Mesothelioma is a type of cancer caused by asbestos exposure. It affects the thin membrane that protects several of the body's most important organs, including the abdomen, lungs, and heart. This membrane is called the mesothelium. When the cancer cells spread to parts of the body outside of the original location of the primary tumor, the cancer is called metastatic mesothelioma.
Several factors influence mesothelioma metastasis, including response to treatment and cell type. If you have mesothelioma, it’s helpful to know how the cancer spreads and how to get the support you need for the appropriate treatment.
What Is Mesothelioma Metastasis?
Mesothelioma metastasis refers to the spread of mesothelioma throughout the body. The primary tumor will likely originate in one of four places:
- Pleura: The lining of the lungs.
- Peritoneum: The lining around the abdominal cavity.
- Pericardium: The membrane around the heart.
- Testes: The testicular glands in the scrotum in patients with male genitalia.
Mesothelioma Metastasis vs. Metastatic Mesothelioma
Mesothelioma metastasis and metastatic mesothelioma both refer to the spread of mesothelioma cancer cells from the primary site to other parts of the body.
Where & When Does Mesothelioma Metastasize?
Mesothelioma cells can metastasize at any stage of the disease. Metastasis itself can be divided into one of three stages: local, regional, and distant.
- Local metastasis occurs when the tumor cells spread outside of the primary tumor location but haven’t affected other parts of the body.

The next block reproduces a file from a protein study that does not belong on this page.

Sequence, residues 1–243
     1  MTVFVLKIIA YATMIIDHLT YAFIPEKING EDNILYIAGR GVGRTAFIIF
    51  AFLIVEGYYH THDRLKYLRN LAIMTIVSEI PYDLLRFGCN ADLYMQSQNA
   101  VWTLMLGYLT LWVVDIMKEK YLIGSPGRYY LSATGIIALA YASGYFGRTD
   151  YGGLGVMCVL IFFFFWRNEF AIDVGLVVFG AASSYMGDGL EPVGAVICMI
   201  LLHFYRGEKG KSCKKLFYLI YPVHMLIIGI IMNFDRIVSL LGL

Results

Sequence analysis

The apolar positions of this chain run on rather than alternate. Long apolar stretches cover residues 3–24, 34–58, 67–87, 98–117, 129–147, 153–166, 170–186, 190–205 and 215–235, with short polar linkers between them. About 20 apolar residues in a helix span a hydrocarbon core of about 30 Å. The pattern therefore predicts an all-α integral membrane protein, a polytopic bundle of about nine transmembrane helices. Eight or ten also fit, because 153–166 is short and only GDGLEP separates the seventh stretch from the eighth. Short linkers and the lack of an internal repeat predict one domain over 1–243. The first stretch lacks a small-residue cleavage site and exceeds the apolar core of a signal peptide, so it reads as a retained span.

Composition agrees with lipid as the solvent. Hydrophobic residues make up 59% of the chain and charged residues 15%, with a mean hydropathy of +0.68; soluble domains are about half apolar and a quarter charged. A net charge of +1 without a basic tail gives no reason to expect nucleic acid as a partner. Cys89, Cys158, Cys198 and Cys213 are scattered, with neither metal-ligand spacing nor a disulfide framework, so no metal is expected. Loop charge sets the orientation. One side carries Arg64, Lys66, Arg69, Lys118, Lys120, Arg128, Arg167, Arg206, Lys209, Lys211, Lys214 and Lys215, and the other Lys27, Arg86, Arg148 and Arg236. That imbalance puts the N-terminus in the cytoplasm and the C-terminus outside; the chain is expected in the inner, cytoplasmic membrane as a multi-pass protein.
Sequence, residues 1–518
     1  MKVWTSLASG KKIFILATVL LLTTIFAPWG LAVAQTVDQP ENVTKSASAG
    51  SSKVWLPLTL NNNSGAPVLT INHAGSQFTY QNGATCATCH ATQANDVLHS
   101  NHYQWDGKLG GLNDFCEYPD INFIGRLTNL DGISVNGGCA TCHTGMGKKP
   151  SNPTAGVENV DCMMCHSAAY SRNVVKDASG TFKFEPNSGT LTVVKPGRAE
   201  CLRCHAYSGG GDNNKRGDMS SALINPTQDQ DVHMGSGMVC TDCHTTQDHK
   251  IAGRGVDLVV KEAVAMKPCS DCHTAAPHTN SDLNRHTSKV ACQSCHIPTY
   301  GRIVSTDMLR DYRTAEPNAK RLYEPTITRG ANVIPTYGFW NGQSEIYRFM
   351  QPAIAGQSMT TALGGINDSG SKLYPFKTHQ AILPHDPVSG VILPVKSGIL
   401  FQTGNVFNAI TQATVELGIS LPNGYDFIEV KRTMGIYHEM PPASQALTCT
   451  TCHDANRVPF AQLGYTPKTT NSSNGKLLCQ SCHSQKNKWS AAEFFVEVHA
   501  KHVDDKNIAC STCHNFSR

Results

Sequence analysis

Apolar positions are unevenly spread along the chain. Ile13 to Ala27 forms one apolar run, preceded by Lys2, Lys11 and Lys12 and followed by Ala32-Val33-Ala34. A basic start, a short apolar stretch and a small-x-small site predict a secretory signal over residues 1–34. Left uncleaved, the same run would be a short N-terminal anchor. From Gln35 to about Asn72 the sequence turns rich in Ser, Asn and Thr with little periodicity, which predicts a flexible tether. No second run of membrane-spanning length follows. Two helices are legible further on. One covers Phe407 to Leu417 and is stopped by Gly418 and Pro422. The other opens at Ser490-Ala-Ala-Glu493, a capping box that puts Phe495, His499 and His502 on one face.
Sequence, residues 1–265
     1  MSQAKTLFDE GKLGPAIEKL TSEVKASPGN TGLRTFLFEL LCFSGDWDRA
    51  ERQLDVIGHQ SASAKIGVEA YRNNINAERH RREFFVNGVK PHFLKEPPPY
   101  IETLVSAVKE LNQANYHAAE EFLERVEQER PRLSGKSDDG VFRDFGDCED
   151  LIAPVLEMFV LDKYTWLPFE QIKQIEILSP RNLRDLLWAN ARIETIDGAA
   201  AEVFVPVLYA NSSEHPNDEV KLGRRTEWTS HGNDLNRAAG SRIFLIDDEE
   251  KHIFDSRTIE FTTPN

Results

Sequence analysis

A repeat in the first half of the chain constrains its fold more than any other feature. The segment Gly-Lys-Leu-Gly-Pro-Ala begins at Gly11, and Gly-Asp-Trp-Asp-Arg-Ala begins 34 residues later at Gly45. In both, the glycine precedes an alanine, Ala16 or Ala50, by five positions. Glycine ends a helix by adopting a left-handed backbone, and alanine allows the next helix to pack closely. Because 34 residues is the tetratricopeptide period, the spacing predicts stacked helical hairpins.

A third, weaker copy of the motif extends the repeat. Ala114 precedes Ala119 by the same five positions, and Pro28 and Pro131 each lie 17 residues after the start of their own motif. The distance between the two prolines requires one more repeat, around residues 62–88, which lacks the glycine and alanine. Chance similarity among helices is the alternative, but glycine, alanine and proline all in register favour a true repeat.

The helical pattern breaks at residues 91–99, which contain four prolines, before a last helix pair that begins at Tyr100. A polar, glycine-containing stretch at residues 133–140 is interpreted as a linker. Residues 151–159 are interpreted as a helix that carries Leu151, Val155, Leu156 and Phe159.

- Regional metastasis occurs when the tumor cells have spread to parts of the body near the primary tumor location.
- Distant metastasis occurs when cancer cells break away from the primary tumor and travel through the bloodstream or lymphatic system to establish secondary tumors in distant organs or tissues. These distant sites are often far from the primary tumor. For example, in mesothelioma, distant metastasis may involve the spread of cancer cells to the liver, bones, adrenal glands, or other organs. Distant metastases occurs in 10% to 50% of stage four mesothelioma cases. It is sometimes referred to as systemic metastasis.
In early-stage mesothelioma, metastasis is generally local or regional. Late-stage mesothelioma, in contrast, generally refers to distant metastasis. The different stages of metastasis can look different based on the different types of mesothelioma.
Malignant Pleural Mesothelioma
Pleural mesothelioma primarily originates in the thin layer of tissue that lines the interior wall of the chest cavity and covers the lungs. This tissue is called the pleura. About 75 to 80% of mesothelioma diagnoses are pleural, making it the most common type of mesothelioma. Malignant pleural mesothelioma is usually local and rarely involves distant metastasis.